Not too long ago I told you about how much I enjoyed Jackie Venson's debut album, The Light in Me. But as much as I enjoyed it, Venson is a blues guitarist and, as such, I knew that I was missing a part of the experience by listening to studio recordings of the songs. Now, I don't need to wonder.


Live at Strange Brew not only showcases Venson's songwriting -- which tends to be more nuanced than the typical blues song -- or her vocal talent, but her showmanship and guitar chops. Folks, she SHREDS. But Venson, unlike the typical guitar hero, uses her solos in service to the songs, not as an opportunity to vomit technical skills everywhere. We can see this in her effortless shifts between blues, rock, and reggae throughout her songs. She clearly lives to be on stage, and if you can't hear it in her fancy fretwork, it comes through in her relaxed banter with the crowd. It's always thrilling to see (or in this case, here) someone in their element. Live at Strange Brew is one of those rare live albums that captures the spontaneity of great musicians at their best.


Jackie Venson -- Official, Facebook, Purchase on Amazon

Thursday, January 12, 2017

VIDEO: Melaena Cadiz -- "At the Symphony"

I thought I'd take a look back through some of the music videos I've received in the past year. I already told you about how great Melaena Cadiz's Sunfair was. But in case you needed a reminder, watch this video from my favorite song on the album. We could all use something a little spacey and uplifting right now.



Melaena Cadiz -- Official, Facebook, Bandcamp

Wednesday, January 11, 2017

Shadow of Comfort -- Not From Here

I have a soft spot for Albaquerque. It's not the prettiest city, but Sadie's does have the best salsa this side of the Rio Grande and, of course, it's hard to top watching the sun play off of Mount Sandia throughout the day. So that's what piqued my interest in Shadow of Comfort -- I just don't really get that much music coming from New Mexico even though this is, like, a country music blog.




Shadow of Comfort's brash rock'n'roll is laced with those southwestern leanings but has the forthrightness and passion of heartland rock. Basically, any fans of classic rock will love this short little EP. The band's energy is contagious and can't help but put a smile on my face.

Shadow of Comfort -- Facebook, Soundcloud, Spotify

Monday, January 9, 2017

G.L.O.S.S. -- Trans Day of Revenge

I slept on this band and I'm sorry I did. Girls Living Outside of Society's Shit is/was remarkable for sticking to their guns. GLOSS was unapologetically trans*, feminist, and intersectional -- shattering preconceptions of who makes hardcore punk and who listens to it. As a result, the music itself isn't my jam, though lead singer Sadie Switchblade's side project Dyke Drama produced one of my favorite albums.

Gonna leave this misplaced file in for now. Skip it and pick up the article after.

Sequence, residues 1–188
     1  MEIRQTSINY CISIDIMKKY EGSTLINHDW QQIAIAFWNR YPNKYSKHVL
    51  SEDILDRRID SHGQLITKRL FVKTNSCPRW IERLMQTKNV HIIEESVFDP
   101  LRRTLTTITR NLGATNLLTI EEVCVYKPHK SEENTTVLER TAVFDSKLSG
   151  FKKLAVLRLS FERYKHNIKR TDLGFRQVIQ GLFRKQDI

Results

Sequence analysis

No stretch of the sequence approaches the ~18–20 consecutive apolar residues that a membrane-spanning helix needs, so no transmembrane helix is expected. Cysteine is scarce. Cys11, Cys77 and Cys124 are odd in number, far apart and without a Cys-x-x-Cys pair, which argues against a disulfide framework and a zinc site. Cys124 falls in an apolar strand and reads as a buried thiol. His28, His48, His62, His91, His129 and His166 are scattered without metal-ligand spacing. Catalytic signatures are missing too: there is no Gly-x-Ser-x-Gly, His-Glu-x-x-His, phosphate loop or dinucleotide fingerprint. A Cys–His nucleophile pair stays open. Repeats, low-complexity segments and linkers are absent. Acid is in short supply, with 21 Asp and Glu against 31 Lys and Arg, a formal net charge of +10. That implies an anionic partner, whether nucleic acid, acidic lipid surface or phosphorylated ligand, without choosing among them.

So why am I featuring an album that I could only get through once? Because it's important.


The intolerable treatment trans* people have received in this society is only going to get worse under Trump. Two trans* women that we know of have been killed in the first nine days of the year. Two deaths in just over a week are the reason why Trans* Day of Remembrance exists. This is an international day to honor our fallen trans* and gender-noncomforming siblings, a solemn day that G.L.O.S.S. has nodded to in the EP's title. The killers, until very recently, often go free because police investigations, when they even happen, are not helpful:

WHEN PEACE IS JUST ANOTHER WORD FOR DEATH
IT'S OUR TURN TO GIVE VIOLENCE A CHANCE!

KILLER COPS AREN'T CROOKED
SOLDIERS FOR BASTARDS, THEY DO AS THEY'RE TOLD
THE COURTS AREN'T CORRUPT
MALICIOUS, VIOLENT, THEY MAINTAIN CONTROL

FUCK THE PEACE KEEPING FUCK THE CALM
THE INVESTIGATION IS A FUCKING CON.
THE TRUTH IS KNOWN BENEATH THE GUN
BLACK LIVES DON'T MATTER IN THE EYES OF THE LAW 


And there is even less reason to have faith in government institutions after the 20th. But Trans Day of Revenge also empowers its trans* and queer listeners:

WE LIVE/EVEN AS WE WONDER WHY
WE LIVE/WITH TRAUMA LOCKED INSIDE
WE FIGHT/AGAINST THE URGE TO DIE
PARCHED FOR LOVE AND CAST ASIDE

CHILDHOOD SHAME/INTERNAL BLAME
THIS MESS BORE A COMPLEX PAIN
WE LIVE AND DIE/AGAINST THE GRAIN
FOR OURSELVES WE LIVE 


For the several times I've been harassed since the election, I've become acutely aware of how misplaced my sense of safety is as I go about my life -- a low-grade dread that stalks people who are not white, male, or masculine-presenting far more often than it does myself. I've given in to moments of despair, but attitudes like GLOSS' -- that it's not enough to simply hold your head high but stay true to yourself and fight back as well -- will give me and others a lifeline (literally) to make it through.